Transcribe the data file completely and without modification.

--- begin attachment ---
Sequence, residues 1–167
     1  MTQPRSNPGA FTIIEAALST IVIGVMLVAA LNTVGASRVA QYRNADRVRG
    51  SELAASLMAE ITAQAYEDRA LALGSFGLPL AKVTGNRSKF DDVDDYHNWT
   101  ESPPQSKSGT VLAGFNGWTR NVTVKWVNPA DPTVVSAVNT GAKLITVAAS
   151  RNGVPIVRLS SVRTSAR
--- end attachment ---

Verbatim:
Sequence, residues 1–167
     1  MTQPRSNPGA FTIIEAALST IVIGVMLVAA LNTVGASRVA QYRNADRVRG
    51  SELAASLMAE ITAQAYEDRA LALGSFGLPL AKVTGNRSKF DDVDDYHNWT
   101  ESPPQSKSGT VLAGFNGWTR NVTVKWVNPA DPTVVSAVNT GAKLITVAAS
   151  RNGVPIVRLS SVRTSAR